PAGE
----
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dc.contributorTaguchi, Makikoen_US
dc.contributorLouhaichi, Mouniren_US
dc.contributorHassan, Sawsanen_US
dc.creatorDubeux, Joseen_US
dc.date2020-10-12en_US
dc.date.accessioned2021-01-13T20:57:20Z
dc.date.available2021-01-13T20:57:20Z
dc.identifierhttps://bit.ly/30BvpyMen_US
dc.identifierhttps://mel.cgiar.org/reporting/download/hash/9d8526c4ac5b7b4df9292c30ca39863een_US
dc.identifier.citationJose Dubeux, Makiko Taguchi, Mounir Louhaichi, Sawsan Hassan. (12/10/2020). Cactus: a staple fodder to enhance food security in semiarid regions (CactusNet webinar series). In CactusNet webinar series. Global: CACTUSNET (Executive Producer).en_US
dc.identifier.urihttps://hdl.handle.net/20.500.11766/12339
dc.description.abstractArid and semiarid lands cover 40% of global surface and > 2 billion people live in these areas. Cactus is the most efficient plant in water use and adapts well to drylands. Food insecurity is closely linked to semiarid regions in the tropical world, and animal-food source can alleviate poverty and hunger, reducing malnutrition especially at younger ages of human development. Cactus (Opuntia and Nopalea) is a fast-growing fodder and is rich in energy, vitamins, minerals, and water. If complemented with other dietary sources, cactus can sustain high levels of livestock productivity. Agronomic practices such as manure application, weed control, improved varieties, and plant population density are important components of cactus productivity. Livestock systems based on cactus are disseminated globally, including countries like Brazil, Mexico, Tunisia, Morocco, and South Africa; however, there is still room for improvement and expansion in other countries. With increasing global population and demand for high-quality protein, livestock systems based on cactus in semiarid regions are key to reduce malnutrition and poverty in these areas. Fitting the right plant to the environment is more sustainable than changing the environment. Thus, cactus can be the next green revolution in arid lands, developing new food systems in these areas. In summary, we simply cannot afford not using cactus in arid regions, considering that this is one of the most efficient plants in these environments.en_US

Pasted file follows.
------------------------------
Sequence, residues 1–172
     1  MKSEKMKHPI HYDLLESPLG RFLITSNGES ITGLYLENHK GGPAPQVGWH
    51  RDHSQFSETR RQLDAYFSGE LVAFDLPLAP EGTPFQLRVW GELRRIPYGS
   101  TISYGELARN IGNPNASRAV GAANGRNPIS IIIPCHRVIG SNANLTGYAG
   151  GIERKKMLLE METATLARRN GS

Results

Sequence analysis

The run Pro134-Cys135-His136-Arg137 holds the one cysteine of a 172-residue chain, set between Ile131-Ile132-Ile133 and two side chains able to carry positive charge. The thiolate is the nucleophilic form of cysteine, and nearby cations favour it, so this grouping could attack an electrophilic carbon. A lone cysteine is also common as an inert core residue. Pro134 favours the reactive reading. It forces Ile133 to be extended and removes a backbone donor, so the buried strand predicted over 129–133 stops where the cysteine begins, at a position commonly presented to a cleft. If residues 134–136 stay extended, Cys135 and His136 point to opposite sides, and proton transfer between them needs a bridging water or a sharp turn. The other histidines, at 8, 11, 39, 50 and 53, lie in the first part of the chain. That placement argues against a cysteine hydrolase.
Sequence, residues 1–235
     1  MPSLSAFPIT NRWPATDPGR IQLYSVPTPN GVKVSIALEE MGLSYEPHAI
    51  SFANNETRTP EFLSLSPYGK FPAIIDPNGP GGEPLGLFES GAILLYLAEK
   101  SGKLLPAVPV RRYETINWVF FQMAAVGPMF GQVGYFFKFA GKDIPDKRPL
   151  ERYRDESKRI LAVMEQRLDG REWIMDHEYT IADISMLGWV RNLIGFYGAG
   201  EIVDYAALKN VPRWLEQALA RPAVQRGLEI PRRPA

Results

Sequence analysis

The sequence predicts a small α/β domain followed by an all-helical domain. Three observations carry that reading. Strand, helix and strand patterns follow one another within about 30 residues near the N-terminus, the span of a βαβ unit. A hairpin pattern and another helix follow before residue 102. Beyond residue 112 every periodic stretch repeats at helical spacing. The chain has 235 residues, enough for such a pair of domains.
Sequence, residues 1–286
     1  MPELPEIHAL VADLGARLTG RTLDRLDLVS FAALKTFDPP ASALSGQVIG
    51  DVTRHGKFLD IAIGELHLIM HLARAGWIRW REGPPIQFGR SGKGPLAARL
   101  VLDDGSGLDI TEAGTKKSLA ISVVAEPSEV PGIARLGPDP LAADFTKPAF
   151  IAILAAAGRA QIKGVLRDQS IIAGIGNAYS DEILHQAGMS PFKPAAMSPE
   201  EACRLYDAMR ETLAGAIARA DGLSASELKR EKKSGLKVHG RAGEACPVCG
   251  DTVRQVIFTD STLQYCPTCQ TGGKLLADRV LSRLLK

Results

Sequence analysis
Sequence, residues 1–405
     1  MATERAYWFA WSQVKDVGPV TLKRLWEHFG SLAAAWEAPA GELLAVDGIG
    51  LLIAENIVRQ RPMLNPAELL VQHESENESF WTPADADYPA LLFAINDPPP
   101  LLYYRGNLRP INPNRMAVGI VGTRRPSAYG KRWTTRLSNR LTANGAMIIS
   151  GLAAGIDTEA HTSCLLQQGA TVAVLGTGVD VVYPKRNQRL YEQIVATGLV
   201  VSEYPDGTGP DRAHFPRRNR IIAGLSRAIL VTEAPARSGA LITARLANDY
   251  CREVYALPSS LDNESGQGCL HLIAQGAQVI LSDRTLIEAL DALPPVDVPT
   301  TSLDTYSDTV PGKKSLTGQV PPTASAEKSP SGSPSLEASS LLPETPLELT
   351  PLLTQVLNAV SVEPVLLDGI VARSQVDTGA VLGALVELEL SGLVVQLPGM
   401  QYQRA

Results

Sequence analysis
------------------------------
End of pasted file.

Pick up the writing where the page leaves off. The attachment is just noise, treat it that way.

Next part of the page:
dc.formatMP4en_US
dc.languageenen_US
dc.publisherCACTUSNETen_US
dc.rightsCC-BY-SA-4.0en_US
dc.subjectmanual cactus chopperen_US
dc.subjectarid and semiarid landsen_US
dc.subjectCactusen_US
dc.titleCactus: a staple fodder to enhance food security in semiarid regions (CactusNet webinar series)en_US
dc.typeVideoen_US
cg.creator.idLouhaichi, Mounir: 0000-0002-4543-7631en_US
cg.creator.idHassan, Sawsan: 0000-0002-5057-8957en_US
cg.creator.ID-typeORCIDen_US
cg.creator.ID-typeORCIDen_US
cg.subject.agrovocfodderen_US
cg.subject.agrovoccactus pearsen_US
cg.contributor.centerFood and Agriculture Organization of the United Nations - FAOen_US
cg.contributor.centerFAO-ICARDA CactusNeten_US
cg.contributor.centerUniversity of Florida - UFen_US
cg.contributor.centerInternational Center for Agricultural Research in the Dry Areas - ICARDAen_US
cg.contributor.crpCGIAR Research Program on Livestock Agri-Food Systems - LAFSen_US
cg.contributor.funderInternational Livestock Research Institute - ILRIen_US
cg.contributor.projectCGIAR Research Program on Livestock Agri-Food Systemsen_US
cg.contributor.project-lead-instituteInternational Center for Agricultural Research in the Dry Areas - ICARDAen_US
cg.coverage.regionGlobalen_US
cg.contactm.louhaichi@cgiar.orgen_US
dc.identifier.statusOpen accessen_US
mel.project.openhttps://mel.cgiar.org/projects/237en_US


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